The very best way to save a bit of money on your home theatre is to spend some time planning and do do as much of the work as possible yourself. When I purchased my first home theatre projector I decided to save on the installation and simply placed the projector on a small table at the back of the room between my couches. I also projected onto my wall instead of purchasing a screen. This is a great option for some but increases the risk of the projector getting knocked, and you may not like the fan noise if sitting right next to the unit.... image quality is also never as good on a wall as it is when using a good quality projector screen.
After moving to my new home I decided to install the projector on the ceiling. Having a trade do the full installation and set up was going to cost me several hundred dollars more that I really preferred to keep after my expensive move. Obviously the more work an installer needs to do the more expensive the final bill so I did some planning and tried to do as much work as I could.
My new home did not have any power on the ceiling so I was always going to need an electrician to come and at least put a power point in for me. Electrical work like this should always be done by a licensed electrician, it is not worth the risk in cutting costs here and trying to do electrical work yourself. After I selected by screen size and calculated the throw distance I put a mark in the ceiling where I neeeded the projector to be. I got a quote from a local electrician and for a little over $200 the power point was installed in the roof directly behind where I was going to place the projector. If you are happy spending a bit more, most electricians can also run your HDMI cabling and install the projector too.My Equipment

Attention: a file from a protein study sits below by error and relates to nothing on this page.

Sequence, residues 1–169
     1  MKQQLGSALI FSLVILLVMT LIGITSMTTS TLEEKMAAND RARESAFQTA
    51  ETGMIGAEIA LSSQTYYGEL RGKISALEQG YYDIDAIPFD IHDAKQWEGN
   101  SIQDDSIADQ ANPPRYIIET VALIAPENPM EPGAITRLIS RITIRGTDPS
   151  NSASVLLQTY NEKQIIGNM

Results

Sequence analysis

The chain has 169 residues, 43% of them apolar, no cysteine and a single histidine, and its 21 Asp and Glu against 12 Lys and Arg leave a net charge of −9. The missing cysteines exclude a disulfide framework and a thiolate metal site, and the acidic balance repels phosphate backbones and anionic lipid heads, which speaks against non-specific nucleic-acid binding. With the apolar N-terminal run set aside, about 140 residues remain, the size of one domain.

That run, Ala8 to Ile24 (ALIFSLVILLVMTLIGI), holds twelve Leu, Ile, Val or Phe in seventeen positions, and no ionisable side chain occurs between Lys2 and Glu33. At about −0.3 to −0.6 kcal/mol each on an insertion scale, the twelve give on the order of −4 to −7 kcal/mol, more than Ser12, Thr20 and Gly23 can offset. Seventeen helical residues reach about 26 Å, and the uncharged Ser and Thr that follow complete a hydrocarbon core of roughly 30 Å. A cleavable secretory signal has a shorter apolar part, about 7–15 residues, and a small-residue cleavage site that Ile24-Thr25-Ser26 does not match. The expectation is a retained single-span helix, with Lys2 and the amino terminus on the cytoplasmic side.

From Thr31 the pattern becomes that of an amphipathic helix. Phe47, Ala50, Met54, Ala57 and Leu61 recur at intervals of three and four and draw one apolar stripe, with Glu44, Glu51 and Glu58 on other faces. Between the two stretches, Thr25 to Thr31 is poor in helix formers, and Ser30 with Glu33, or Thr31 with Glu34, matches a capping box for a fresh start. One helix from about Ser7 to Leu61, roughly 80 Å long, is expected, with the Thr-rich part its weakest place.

My new home is 2 stories, as I am attaching my projector to the ceiling of the lower level it doesn't leave much cavity space for the HDMI cable to be installed. In order to install the power the electrician had already had to cut out sections of my plasterboard ceiling, I ended up cutting a bit more out to put through the HDMI cable. I tried to keep the cuts as neat as possible so I can still use the cut out pieces later to plug the holes.
Installing the HDMI cable was a bit of work as I needed to thread it down the wall to a cut out I had made behind where the Receiver is going to be. Once done I did some "YouTubing" to work out how to repair the plaster holes in the ceiling using the cut outs I kept and loads of putty. Once dried and sanded I gave it a quick paint and done!
Installing the ceiling mount was straight forward. I made sure to place the projector right under a ceiling truss beam so a couple of timber screws into that and the mount was up. Following the instructions that came with the projector, and with the help of my partner, I had the projector up on the ceiling in less than 15minutes.
The screen was simple to install but once assembled it was pretty big so definately get someone to help you out. A spirit level is a must, the last thing you want to do is install your screen on an angle. I used a combination of timber screws and plaster anchors to install... depending on where I needed to put in the screws and if there was a support behind the plaster wall. Once up on the wall I turned on the projector, displayed the 'test pattern' and adjusted the focus, zoom, and lens shift functions to get the image correctly within the screen and looking amazing. For the time being I've got my speakers on stands with the speaker cables running on the ground up against the wall. Eventually I'll have them installed on the wall to finish it all off. Many electricians, handyman services, and AV installers like Jims Antennas can install the speakers without too my trouble if you don't want to do it yourself.